The outspoken Friar sent some of his more controversial writings to the Pope but they upset the church and  he was excommunicated and imprisoned by for "certain novelties". He was confined to a monastery.
The "certain novelties" the authorities were particularly unhappy about were his chemical research.

The prophetic Friar foresaw the extensive use of cars, aeroplanes and ocean liners. He conducted studies that led him to the conclusion that air could support craft in the same way that water supports boats.

In 1278 the general of the Franciscan order, Girolamo Masci, later Pope Nicholas IV, forbade the reading of Bacon's books and had Bacon arrested. After ten years in prison, Bacon returned to Oxford.

Bacon claimed that saffron delayed ageing and he went as far as to send the Pope these instructions. (He was 76 at the time.)

Bacon is the Patron Saint of Encyclopedia Salesmen.

Francis Bacon

Francis Bacon was born on January 22, 1561 at York House near the Strand in London. He was the youngest son of Sir Nicholas Bacon, who was Elizabeth I's Lord Keeper of the Great Seal. He was a staunch enemy of Roman Catholics. His mother, Anne Cooke, was a Protestant daughter of Sir Anthony Cooke, an eminent humanist, scholar and tutor to Edward VI. She was famous for her learning and published translations from Italian and Latin.

Bacon entered Trinity College, Cambridge at the age of 13. He  lived there for three years there with his older brother Anthony Bacon. His studies of science there brought him to the conclusion that the methods (and thus the results) were erroneous.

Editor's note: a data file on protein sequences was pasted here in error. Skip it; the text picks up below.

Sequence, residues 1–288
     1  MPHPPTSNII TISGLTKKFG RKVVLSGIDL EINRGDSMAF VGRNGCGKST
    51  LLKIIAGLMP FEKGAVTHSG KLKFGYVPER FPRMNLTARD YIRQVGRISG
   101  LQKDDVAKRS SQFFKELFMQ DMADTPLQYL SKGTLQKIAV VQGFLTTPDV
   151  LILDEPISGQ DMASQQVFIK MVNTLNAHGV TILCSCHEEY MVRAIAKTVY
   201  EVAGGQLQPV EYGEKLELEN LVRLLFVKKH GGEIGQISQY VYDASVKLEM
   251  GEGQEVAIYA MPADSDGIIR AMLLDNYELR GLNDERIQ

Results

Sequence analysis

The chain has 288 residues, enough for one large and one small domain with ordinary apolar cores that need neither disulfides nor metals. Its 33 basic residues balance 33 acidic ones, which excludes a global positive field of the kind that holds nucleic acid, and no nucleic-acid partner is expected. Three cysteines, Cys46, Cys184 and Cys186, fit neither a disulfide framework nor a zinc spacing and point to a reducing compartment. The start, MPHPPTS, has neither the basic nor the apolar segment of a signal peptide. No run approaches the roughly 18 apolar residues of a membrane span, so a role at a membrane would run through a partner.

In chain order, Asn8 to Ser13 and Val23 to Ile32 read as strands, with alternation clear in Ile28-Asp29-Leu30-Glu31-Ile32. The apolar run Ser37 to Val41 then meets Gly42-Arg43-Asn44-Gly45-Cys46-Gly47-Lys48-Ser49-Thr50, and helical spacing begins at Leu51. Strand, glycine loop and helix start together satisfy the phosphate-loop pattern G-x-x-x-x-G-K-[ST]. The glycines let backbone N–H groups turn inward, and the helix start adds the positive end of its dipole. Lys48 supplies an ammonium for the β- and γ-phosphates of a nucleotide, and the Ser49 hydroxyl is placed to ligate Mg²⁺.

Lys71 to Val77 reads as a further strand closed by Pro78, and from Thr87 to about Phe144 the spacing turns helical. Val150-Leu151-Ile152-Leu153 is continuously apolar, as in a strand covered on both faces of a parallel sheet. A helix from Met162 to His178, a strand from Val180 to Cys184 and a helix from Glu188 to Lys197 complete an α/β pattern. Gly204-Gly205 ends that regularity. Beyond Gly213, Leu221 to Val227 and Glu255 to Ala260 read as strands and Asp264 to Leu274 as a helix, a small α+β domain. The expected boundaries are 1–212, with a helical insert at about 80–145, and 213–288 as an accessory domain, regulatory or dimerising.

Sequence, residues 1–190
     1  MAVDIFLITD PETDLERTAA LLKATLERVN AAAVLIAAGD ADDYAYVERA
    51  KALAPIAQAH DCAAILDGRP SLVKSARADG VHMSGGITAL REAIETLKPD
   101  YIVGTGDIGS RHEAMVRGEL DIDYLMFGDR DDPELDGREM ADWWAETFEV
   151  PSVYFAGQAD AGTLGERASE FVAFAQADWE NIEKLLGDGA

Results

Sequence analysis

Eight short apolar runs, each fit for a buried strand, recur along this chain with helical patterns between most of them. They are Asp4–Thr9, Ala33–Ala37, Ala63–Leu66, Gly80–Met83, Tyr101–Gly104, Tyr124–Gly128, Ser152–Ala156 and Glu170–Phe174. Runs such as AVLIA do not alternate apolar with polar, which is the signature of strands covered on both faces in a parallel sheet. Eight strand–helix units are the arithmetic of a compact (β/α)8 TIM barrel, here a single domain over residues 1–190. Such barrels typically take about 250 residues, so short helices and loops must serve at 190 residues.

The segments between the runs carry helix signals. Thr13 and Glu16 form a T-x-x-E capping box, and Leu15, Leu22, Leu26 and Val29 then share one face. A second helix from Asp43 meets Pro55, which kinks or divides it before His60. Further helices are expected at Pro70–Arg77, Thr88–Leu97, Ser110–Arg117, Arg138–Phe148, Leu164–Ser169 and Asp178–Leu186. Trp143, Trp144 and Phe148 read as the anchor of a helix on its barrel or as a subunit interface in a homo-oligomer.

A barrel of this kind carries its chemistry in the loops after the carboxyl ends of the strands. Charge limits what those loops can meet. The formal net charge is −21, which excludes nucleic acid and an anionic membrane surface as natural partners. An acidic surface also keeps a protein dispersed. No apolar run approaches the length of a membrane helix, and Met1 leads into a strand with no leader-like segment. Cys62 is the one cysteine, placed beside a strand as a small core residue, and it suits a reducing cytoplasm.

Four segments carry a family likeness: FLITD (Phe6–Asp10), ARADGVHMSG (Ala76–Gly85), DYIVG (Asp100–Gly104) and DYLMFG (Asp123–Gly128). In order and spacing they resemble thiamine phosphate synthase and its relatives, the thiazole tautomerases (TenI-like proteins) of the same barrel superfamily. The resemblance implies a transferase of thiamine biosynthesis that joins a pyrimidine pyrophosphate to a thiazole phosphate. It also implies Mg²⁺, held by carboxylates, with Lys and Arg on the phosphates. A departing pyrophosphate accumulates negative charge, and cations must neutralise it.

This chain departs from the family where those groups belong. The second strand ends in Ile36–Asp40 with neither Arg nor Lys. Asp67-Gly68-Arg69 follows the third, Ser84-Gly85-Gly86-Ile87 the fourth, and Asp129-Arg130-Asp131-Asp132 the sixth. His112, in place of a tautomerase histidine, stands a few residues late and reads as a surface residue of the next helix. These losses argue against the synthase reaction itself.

The 18-year-old Francis Bacon. 

Bacon waited until his mid 40s before marrying one Alice Barnham (1592-1650) on May 10, 1606. The wedding took place in St Marylebone's Chapel, which was located in a village to the north of London, with the reception at the Strand estate. Alice had yet to reach her 14th birthday when they wed. Their marriage led to no children.

In 1621, Bacon was accused of taking bribes, heavily fined, and removed from Parliament and all offices. They lost their York House mansion and left London in 1622.

Reports of increasing friction in the marriage appeared, with speculation that some of this may have also been due to financial resources not being as abundantly available to the extravagant Alice as she was accustomed to in the past.  In addition there was rumors of an ongoing affair with a Mr. John Underhill.

Engraving of Alice Bunham

In 1625, Bacon became estranged from his wife, apparently believing her of adultery with Underhill. He rewrote his will, revoking his legacy to Alice.

Bacon wrote over 30 philosophical books and many other legal, scientific and many other popular works. He often didn't finish ambitious works which he'd started such as Novum Organium Among his works were his February 7, 1597 publication Essays, which were the first essays to be actually called essay.

Portrait of Bacon by Frans Pourbus (1617),

Bacon's New Atlantis was a fable about a city on an imaginary Pacific island ran by scholars called Ben Salem. Its advanced population had aircraft, hearing aids, refrigerators and submarines. One of the first ever Science Fiction novels, it was was published posthumously in 1526 and was a best seller for more than a decade.

He developed binary using only "a" & "b" in 5 letter combinations for letters of the alphabet.

Bacon was driving in his carriage one wintry day in Highgate, North London, when he decided on impulse to observe the effect of cold on the preservation of meat. Bacon stopped his carriage, purchased a chicken and stuffed it with snow. Soon afterwards he was seized by a chill, which developed into bronchitis. Feeling ill and beginning to shiver violently, Bacon made his way to the nearby house of his friend Earl of Arundel. He was given a damp bed-so damp that his condition worsened and he died of pneumonia on April 9, 1626.

Less than two weeks after Bacon's death, Alice Barnham Bacon married Mr. John Underhill. 

Bacon

The word "bacon" is derived from the Old High German bacho, meaning "buttock", "ham" or "side of bacon".